Saturday, February 11, 2006

Ouch!

So, this is... let's see. I think it's the third week I've been riding to work, and the first in which I rode all 5 days (man, I LOVE the Bay Area. Sunny with highs in the 70s? In early February? Yes, please!). I've come pretty far from my initial test ride, when I needed to stop at Vasona to take a breather. I'm now familiar with the route, have better endurance on the bike, and feel much more confident. It turns out that the third point isn't such a good thing.

I found out yesterday that Wayne, our CEO, was taking us all out for drinks after work, which is incredibly nice of him. However, since I had ridden to work, that raised some complications. I'm usually careful to hit the road soon after 5 so I'm not riding after dark; now, I would need to either make an incredibly brief appearence at the Los Gatos Brewing Company (which meant finding a ride who would also not be there long), or ride after dark, or head home even earlier than usual and drive back down, or bail on the whole thing and just go home. I really wanted to go out with everyone, so I decided I'd take my chances with the dark.

LGBC was a lot of fun, of course. This is sort of our default post-work hangout, and the second all-company thing I've been to there. Wayne paid for drinks and a great spread of food, which, again, is awesome. It was a really nice chance to talk with some guys I don't interact with much during the day, and I learned a lot about living in San Francisco, the counties of extreme northern California, and BREW 4.0. (Oops, probably shouldn't have mentioned that last thing. Or am I just making it up?!)

I left with Rajiv, my ride, around 6:30. It was already pretty dark, but with a full moon, and it didn't feel that bad. I went back to the office and had a brief panic moment when the side of the office where we keep our bikes was locked; fortunately, the back was not, and in a few minutes I was pedaling towards the freeway.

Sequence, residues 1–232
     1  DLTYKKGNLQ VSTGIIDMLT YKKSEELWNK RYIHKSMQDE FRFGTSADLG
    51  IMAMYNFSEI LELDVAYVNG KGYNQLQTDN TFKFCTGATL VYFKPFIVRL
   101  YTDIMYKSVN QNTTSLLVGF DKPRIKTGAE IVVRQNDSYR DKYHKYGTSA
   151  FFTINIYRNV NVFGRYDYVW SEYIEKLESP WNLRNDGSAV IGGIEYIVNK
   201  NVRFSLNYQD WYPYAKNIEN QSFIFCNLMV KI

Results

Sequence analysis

After examining my myriad options for getting to and from work, I've largely settled on crossing the freeway as my best connection from the trail to Rocket Mobile. It actually feels safer going home than coming to work, because I'm established on the road the whole time; the only tricky part there is merging across a lane of traffic to get to the shoulder at the end. In the morning, though, I'm doing it on the sidewalk, and because of the trees and the strong curve of the ramps it's hard to see a car coming until it's almost on top of you. But people are nice and I've even had a few wave me in front of them.

Anyways. This initial part is what I was worried about the most, since it dealt with drivers needing to see me when getting onto or off of the freeway. But it was fine, both because traffic was lighter at 6:30 than it is at 5 and because I have blinking lights for my bike. Yep, I definitely had the "be seen" thing down. Made it to the trail entrance in one piece and headed down.

I was struck by how quiet and lonely the trail was; there was nobody else around. It was dark, too; there are no street lights down there, and only a little light penetrated the forest and made it down the grade onto the path. It was a kind of eerie feeling, and I enjoyed it as I geared up and started making my way home in earnest.

Here's what went through my head at the crucial moment:
"Something's not right..."
WHAM!
In a second or two I deduced what had happened: I had ridden into a fence at a pretty high speed. Not my finest moment. I realized that I was at a point where the trail took a sharp 45 degree turn, and I had kept going straight. My unease was as not being able to see what was in front of me, which was perfectly understandable once I understood that what was in front of me was a chain-link fence separating the path from a bunch of trees.